Which is just one of the reasons why Mental Disease, Mens Rea and Actus Rea cannot be arbitrarily segregated as the law foolishly dictates. The communication system involves the conversion of mentation to goal-directed behaviors, and moreover, these unfathomably complex neural processes are not linear.
About Primary vs Secondary Psychosis
Note: The link to the external article is imbedded in a commentary by Due Justice Project.
A brief history of how “schizophrenia” and other neurological disorders became so-called ‘mental illness’
*Thanks to someone in DJP’s advocacy network for the link to this article.
This is a well written, well documented history on the IMD Exclusion. Aside from this, one curious comment that is attributed to the famous historical figure Dorothea Dix: “Ms. Dix suggested a remedy: “No disease is more manageable or more easily cured than insanity…”. It is shocking to learn that she said this, but at that time, even though Ms. Dix was enlightened in many ways, so-called Insanity was not understood. In the earliest times of the Asylum Movement, Institutions of mental disease were viewed as places where people could be restored morally, and this mindset exposed the residents of those facilities to coercive and sometimes punitive rehabilitation measures. It is no wonder that misunderstanding of severe neuropsychiatric illness, perceived as “mental illness” contributed to the failed social experiment of deinstitutionalization (called dehospitalization in the article) and the discriminatory IMD Exclusion policy. (commentary on how the Supreme Court has weighed in on this matter of discrimination and suspect class will be posted elsewhere on this site).
This article is from 2011, but is more relevant than ever.
Due Justice Project finds it appalling that the federal government agency, SAMHSA, works so aggressively to push trauma ideology in the manner described in the ‘Recognizing Trauma’ article. These kinds of practices virtually guarantee that clinicians will produce findings of personal history of psychological trauma and will reflect these findings in medical records.
note: DJP holds the position that the insurance industry and government programs should disallow ICD 10 code Z91.49 “personal history of psychological trauma” on reimbursement claims for neuropsychiatric illness.
DJP strongly suspects that the psychology and psychiatry industry might be “manufacturing” statistics in correlation with serious neuropsychiatric illness. Correlation does not equate to causation, but unfortunately, at least three domains of fallacy may be construed by these aggressive (almost militant) practices: Correlation, Prevalence, and Causality. The Topic of trauma-informed care and the belief system of traumagenesis of “mental illness” is so serious that it deserves its own page – it will be coming soon…(9/30/18)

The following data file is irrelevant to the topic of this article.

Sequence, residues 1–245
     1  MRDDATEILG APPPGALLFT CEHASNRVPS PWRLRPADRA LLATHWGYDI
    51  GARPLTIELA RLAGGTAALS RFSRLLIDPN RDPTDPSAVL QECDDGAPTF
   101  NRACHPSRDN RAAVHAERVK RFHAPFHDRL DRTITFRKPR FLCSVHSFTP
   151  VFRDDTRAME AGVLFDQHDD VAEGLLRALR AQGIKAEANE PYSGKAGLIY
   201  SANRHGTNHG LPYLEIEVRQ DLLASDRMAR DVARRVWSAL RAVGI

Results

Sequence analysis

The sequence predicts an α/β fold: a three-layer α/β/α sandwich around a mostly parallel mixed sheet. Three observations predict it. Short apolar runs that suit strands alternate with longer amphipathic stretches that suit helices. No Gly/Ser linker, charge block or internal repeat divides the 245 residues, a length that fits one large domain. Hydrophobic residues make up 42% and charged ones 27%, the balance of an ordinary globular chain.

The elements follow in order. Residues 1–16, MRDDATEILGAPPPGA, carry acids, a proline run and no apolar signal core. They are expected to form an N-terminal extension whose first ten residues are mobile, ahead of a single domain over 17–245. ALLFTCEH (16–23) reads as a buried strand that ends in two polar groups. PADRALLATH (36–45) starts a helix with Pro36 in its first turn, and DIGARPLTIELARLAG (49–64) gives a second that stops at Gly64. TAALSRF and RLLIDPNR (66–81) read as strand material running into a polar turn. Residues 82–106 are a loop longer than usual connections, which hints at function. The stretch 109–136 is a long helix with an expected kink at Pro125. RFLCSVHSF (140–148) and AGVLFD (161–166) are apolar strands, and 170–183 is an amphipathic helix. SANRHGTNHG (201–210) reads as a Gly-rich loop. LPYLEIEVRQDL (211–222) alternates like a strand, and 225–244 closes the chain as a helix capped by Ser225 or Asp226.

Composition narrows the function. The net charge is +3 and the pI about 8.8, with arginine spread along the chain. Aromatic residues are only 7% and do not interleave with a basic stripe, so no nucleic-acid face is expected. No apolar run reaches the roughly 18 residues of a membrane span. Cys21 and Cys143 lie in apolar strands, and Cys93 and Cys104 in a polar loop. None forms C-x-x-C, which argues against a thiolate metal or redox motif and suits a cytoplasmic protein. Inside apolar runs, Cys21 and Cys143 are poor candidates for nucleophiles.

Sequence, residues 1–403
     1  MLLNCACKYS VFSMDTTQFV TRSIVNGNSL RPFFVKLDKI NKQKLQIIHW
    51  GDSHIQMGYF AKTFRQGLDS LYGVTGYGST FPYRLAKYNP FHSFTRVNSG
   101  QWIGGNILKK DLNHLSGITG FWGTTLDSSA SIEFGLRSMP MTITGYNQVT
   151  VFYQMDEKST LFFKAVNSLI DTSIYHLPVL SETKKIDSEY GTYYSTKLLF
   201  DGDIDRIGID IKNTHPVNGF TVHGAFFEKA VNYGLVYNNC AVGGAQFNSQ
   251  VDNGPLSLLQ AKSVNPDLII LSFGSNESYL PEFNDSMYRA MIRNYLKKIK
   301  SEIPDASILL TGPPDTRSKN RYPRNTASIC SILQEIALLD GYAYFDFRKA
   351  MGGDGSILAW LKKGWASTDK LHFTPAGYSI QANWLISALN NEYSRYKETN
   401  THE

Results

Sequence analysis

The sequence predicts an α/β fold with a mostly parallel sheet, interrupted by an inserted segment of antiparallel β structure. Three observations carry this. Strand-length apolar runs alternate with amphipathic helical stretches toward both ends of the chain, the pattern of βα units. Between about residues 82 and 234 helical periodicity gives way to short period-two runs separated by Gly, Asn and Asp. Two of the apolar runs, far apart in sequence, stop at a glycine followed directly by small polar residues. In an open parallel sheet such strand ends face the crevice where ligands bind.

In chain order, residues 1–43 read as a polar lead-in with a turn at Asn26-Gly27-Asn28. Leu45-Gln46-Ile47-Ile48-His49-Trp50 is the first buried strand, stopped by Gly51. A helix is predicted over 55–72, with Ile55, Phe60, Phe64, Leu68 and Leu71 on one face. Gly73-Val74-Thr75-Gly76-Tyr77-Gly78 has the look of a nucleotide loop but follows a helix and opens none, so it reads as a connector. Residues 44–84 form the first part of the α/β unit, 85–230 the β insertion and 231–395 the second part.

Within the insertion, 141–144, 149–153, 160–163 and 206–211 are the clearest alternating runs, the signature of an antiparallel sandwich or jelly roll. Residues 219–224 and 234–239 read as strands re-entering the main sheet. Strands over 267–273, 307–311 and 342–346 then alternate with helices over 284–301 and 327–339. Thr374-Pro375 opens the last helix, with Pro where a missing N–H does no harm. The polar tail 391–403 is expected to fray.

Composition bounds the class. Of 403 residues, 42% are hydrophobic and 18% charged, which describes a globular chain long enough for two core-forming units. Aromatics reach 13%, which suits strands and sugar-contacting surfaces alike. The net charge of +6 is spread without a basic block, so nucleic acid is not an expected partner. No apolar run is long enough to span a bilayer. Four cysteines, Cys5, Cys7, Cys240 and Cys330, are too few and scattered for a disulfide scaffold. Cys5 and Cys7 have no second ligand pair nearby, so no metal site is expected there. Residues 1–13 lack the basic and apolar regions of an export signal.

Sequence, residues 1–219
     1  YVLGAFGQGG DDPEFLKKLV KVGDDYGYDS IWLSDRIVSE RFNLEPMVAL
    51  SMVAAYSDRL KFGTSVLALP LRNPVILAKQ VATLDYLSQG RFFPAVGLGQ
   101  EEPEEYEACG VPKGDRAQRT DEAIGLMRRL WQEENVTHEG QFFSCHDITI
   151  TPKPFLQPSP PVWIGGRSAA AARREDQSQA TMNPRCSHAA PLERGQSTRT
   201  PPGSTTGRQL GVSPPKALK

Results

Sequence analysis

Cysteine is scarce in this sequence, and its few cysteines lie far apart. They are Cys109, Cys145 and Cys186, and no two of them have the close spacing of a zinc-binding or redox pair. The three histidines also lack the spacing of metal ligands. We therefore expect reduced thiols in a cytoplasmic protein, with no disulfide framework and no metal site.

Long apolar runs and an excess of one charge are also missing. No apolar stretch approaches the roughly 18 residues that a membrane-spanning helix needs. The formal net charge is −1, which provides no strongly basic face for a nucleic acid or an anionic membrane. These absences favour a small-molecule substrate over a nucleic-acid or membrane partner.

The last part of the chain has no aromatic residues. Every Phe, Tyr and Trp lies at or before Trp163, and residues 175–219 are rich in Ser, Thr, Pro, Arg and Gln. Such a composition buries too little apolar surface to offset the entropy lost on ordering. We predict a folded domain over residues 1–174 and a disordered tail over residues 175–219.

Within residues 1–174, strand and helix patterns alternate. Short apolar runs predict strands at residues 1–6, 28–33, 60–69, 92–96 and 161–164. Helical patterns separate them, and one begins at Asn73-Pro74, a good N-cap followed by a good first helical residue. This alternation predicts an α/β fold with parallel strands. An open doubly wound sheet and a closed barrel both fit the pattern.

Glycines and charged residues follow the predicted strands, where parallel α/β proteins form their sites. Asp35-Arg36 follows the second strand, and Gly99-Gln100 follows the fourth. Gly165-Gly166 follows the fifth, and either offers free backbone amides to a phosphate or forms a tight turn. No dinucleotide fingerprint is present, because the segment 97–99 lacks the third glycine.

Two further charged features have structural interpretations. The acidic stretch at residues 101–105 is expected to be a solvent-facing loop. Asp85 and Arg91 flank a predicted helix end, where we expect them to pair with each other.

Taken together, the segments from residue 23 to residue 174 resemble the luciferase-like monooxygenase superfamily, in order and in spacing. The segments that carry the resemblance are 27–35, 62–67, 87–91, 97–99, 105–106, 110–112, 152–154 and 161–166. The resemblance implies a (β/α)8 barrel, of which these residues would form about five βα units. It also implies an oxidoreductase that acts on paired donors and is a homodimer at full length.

Mother Jones article: Kids locked up – “incompetent to stand trial”
The criminal justice system doesn’t concern itself about the dire implications on criminal responsibility where there is neuropsychiatric or neurocognitive unfitness for trial, it only fixates on the primitive drive to prosecute and to remove the IST obstruction to getting on with its business in court.
excerpt from article:
In one egregious case, according to a legal director at the National Juvenile Defender Center, children were asked to watch episodes of Law & Order to prepare for their trials.
Letter to the editor illustrates how people think of “mental illness” as poor character or criminal-mindedness
“It’s time to cut tax payer expense and put these people back in institutions where they will no longer have a free ride on our streets at our expense absent any incentive to grow up and become responsible”
Although DJP is a proponent of pharmaceutical treatment for “Schizophrenia”, this article is noteworthy. The study cited in this article certainly makes the case for differential diagnosis. That is not the point of the article, however, the authors’ language veered toward irresponsible figurative speech in asserting that “antipsychotics heal the schizophrenic brain but destroy the normal brain”. Antipsychotics do not cure “schizophrenia” and moreover, can have some very serious side-effects. The medical profession worries itself with the pitfalls of failing to diagnose medical/neurologic disorders vs “psychiatric”. However, the profession fails to reckon with the implicit evidence that the “schizophrenia” symptom complex is itself a type of encephalopathy – if it were not an encephalopathy, then antipsychotic medications would do damage to the “schizophrenic brain” as was done to the subject patient in this article.
Excerpt: “It certainly reinforces my statement that the behavior in healthcare is clinical—not criminal.” …”What if security was more informed about mental health issues, or delirium, or what happens to an individual as they’re withdrawing from alcohol or drugs? What if security weren’t called only to be enforcers of rules and policies, but were seen as a part of the care team?”